The version used by unliftio and safe-exceptions are both implemented using try but the crucial difference is that they are using uninterruptibleMask when executing the after callback. Since they are using uninterruptibleMask they need to use try to avoid blocking exceptions when executing the before handler. This is to minimize time when a thread is in MaskedUninterruptible state.

Let us look at the most common resource handlers:

File Handles

The base package does not export Handle constructors, they are an implementation detail, so let’s bring the definition here:

data Handle
= FileHandle           -- A normal handle to a file
FilePath         -- the file (used for error messages
-- only)
!(MVar Handle__)

| DuplexHandle         -- A handle to a read/write stream
FilePath         -- file for a FIFO, otherwise some
--   descriptive string (used for error
--   messages only)
!(MVar Handle__) -- The read side
!(MVar Handle__)
The hClose :: Handle -> IO () calls hClose’ which masks exceptions while calling takeMVar (in withHandle’), and continues (while exceptions are masked) with hClose_help, which does a few interesting things:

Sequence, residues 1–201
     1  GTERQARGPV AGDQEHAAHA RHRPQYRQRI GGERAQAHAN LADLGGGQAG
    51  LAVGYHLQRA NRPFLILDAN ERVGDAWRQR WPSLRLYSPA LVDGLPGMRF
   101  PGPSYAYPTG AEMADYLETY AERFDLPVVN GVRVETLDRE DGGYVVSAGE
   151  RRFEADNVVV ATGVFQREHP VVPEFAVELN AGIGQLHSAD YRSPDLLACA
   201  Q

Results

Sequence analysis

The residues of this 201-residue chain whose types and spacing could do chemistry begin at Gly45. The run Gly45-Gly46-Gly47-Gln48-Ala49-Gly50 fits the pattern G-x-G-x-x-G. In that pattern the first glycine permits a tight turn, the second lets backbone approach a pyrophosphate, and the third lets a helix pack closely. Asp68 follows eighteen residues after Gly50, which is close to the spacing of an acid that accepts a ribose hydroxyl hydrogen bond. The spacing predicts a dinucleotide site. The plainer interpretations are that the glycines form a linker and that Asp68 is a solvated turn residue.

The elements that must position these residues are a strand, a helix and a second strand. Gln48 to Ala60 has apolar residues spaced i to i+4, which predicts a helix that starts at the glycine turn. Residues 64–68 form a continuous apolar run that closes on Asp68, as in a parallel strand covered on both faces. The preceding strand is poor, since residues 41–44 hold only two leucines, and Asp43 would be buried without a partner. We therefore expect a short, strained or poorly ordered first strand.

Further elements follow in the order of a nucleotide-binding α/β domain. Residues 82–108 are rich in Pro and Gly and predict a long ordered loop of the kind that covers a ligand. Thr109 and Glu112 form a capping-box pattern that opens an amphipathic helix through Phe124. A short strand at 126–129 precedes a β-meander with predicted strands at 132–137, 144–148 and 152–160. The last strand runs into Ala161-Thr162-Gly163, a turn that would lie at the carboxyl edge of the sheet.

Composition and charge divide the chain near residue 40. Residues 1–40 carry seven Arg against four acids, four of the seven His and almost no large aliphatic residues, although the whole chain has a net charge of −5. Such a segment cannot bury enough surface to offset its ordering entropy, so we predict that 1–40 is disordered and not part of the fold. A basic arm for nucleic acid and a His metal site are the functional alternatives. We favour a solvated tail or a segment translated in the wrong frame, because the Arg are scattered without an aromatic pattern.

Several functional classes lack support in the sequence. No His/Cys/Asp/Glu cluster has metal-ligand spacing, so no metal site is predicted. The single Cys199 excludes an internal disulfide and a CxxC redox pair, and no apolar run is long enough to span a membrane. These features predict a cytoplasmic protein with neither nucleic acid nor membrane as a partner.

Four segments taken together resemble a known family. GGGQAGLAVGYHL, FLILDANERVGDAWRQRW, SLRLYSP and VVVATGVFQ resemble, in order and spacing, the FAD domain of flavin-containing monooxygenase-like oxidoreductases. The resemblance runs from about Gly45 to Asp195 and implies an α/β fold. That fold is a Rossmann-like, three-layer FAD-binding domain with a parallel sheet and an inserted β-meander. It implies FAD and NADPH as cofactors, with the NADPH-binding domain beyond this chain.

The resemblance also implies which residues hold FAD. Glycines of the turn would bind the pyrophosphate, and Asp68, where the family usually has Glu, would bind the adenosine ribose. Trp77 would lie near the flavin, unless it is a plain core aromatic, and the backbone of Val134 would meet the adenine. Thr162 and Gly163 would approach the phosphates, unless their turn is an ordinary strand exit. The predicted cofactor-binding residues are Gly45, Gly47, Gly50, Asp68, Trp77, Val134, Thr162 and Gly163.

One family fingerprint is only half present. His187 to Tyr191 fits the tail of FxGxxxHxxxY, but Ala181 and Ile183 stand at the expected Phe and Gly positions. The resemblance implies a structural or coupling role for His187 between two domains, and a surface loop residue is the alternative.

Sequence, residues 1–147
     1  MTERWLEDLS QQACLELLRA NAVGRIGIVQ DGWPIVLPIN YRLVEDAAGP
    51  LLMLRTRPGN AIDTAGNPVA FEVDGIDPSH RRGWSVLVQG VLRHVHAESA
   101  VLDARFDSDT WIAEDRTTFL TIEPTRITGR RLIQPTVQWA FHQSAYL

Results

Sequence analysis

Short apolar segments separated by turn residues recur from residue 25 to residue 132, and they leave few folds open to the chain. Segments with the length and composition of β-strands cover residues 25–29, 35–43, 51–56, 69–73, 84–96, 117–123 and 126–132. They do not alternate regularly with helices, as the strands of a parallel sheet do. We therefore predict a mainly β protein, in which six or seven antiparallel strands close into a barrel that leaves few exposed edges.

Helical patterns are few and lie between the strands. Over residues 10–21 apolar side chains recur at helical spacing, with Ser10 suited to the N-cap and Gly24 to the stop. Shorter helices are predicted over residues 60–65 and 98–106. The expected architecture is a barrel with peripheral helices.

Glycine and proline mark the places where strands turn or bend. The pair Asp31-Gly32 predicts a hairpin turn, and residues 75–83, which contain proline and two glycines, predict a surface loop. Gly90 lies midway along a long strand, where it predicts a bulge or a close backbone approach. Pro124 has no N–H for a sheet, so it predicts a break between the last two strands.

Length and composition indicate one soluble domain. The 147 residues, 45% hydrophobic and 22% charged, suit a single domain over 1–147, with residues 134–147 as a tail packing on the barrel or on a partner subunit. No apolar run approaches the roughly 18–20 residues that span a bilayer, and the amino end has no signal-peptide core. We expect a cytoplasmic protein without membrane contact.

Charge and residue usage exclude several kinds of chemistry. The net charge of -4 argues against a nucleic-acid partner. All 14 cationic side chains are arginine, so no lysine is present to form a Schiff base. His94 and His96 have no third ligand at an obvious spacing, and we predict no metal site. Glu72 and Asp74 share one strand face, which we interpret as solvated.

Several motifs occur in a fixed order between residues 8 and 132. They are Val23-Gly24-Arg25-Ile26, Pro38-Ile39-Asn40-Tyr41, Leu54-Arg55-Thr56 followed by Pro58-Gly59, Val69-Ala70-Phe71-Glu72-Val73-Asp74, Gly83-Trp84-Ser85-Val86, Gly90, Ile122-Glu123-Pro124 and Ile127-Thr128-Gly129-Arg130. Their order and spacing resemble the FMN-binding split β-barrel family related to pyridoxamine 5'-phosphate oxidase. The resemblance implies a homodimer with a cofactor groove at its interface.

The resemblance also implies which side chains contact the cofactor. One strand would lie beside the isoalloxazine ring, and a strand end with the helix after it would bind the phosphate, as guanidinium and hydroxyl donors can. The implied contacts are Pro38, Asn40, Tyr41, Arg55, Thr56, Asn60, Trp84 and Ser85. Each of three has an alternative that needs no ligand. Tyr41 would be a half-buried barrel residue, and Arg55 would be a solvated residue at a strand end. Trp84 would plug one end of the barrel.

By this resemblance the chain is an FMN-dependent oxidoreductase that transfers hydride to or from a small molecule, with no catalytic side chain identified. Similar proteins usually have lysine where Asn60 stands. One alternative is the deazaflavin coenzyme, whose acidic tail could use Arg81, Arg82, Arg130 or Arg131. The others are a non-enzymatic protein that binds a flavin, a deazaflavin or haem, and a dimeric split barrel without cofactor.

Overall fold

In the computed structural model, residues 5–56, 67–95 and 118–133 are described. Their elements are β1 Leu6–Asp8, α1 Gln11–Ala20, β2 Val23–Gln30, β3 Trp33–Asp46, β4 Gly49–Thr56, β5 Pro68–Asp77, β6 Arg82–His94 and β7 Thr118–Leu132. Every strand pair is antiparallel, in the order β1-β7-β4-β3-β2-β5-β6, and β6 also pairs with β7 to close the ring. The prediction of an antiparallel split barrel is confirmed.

• flush a buffer,
• close a decoder,
• call GHC.IO.Device.close to close the file descriptor.

Flushing file handle buffer is done by either safe (non-threaded rts) or unsafe (threaded rts) ffi call (using c_write or c_safe_write), and thus is uninterruptible. Closing the decoder is either a no-op (return ()) or an unsafe foreign call to iconv_close. We are left with analysing GHC.IO.Device.close. Handle__ is using IODevice FD instance. On systems that support either epoll, poll or kqueue (e.g. on Linux, MacOS, FreeBSD, and a likes) it is done via event manager. On other operating systems (Windows) closing file handle is done by a direct foreign call (this might change in the future with the new mio Windows event manager based on I/O completion ports). When event manager is involved, the closeFdWith is used. I recently fixed a bug which made it interruptible, see PR #4942. However, because calls which involve epoll are very fast all the blocking operations done by closeFdWith would block for a very short time, making it quite unlikely to be an issue (but if you run a service for long enough it could be observed).